Subsurface Sand Remobilization and Injection
CONTAINS OPEN ACCESS
Sand injectites form during shallow-crustal deformation. Short periods of elevated pore-fluid pressure, which developed regionally, triggered formation of hydrofracture networks into which sand was sometimes injected. Sand injection complexes preserve a record of this process and sandstone intrusions are significant reservoirs in many petroleum systems. Most known subsurface sand injection complexes are from offshore NW Europe and associated with Paleogene strata. Outcrop occurrence is global. Sand injection into unconventional host rocks, including granitoid and metamorphic basement and coal seams, raises awareness of the breadth of geological environments in which sand injection may occur. Discordance between sandstone intrusions and sedimentary hosts occurs on a scale from millimetres to kilometres and is a fundamental diagnostic of intrusions. Microscale textural characterization provides new opportunities to establish possible additional criteria for differentiating intrusions from depositional sandstone. The significance of sand injection complexes in shallow crustal evolution is exemplified by the wide range of lithological hosts and diverse tectonostratigraphic settings documented in this volume. Potential for original research still remains.
Characteristics of a wing-like sandstone intrusion, Volund Field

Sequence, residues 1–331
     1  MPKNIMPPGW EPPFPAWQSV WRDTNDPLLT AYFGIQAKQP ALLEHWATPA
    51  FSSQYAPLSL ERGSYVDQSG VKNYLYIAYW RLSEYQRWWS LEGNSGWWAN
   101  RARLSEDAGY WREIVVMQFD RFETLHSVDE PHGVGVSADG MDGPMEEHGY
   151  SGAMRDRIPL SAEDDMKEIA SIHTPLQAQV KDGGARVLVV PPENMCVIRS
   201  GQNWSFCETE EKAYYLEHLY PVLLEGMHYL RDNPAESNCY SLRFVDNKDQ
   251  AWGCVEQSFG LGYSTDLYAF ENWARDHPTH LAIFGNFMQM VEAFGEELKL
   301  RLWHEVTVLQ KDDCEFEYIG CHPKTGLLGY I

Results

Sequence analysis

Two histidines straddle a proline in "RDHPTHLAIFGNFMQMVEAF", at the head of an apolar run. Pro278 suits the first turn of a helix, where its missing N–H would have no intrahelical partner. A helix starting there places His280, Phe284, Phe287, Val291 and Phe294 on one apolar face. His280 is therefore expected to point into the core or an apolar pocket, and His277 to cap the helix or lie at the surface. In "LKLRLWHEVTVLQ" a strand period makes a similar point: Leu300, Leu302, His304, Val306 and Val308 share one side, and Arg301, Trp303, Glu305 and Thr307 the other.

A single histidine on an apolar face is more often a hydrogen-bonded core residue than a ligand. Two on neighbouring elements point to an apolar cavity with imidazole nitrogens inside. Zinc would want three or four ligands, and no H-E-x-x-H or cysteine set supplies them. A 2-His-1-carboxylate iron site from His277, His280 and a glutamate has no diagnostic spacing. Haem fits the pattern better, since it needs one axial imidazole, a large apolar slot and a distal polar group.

Published:June 24, 2021
Nicholas Satur, Andrew Hurst, Asgeir Bang, Ivar Skjærpe, Sarah Alexandra Muehlboeck, 2021. "Characteristics of a wing-like sandstone intrusion, Volund Field", Subsurface Sand Remobilization and Injection, S. Silcock, M. Huuse, M. Bowman, A. Hurst, S. Cobain
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Reservoirs in the Volund Field are all sandstone intrusions with wings on three sides forming the main reservoir volumes. The southern wing was the target of exploration and appraisal wells, which led to the field development. Identification of three smaller intrusions proves the southern wing to be a composite intrusion, similar to outcrop analogues. Identification from core and borehole logs shows that it comprises sandstone-, mudstone- and mudstone-rich intervals, including mudstone clast breccia. Mudstone clast breccia constitutes a significant missed pay candidate. Breccia is porous and has a sand-supported matrix, which gives it excellent reservoir quality. This may be missed pay using analysis of borehole logs. Well data, largely borehole logs, show consistently uniform sandstone porosity distribution within the intrusions, independent of depth. Significantly, at about 100 m from the depth at which the wing emanates from sills, porosity has a broader spread of values. The spread of values is attributable to mudstone clast breccia and thin-bedded sandstone and mudstone. Porosity derived from borehole logs does not differentiate breccia from siltstone, but inference is possible using calibration of logs with core.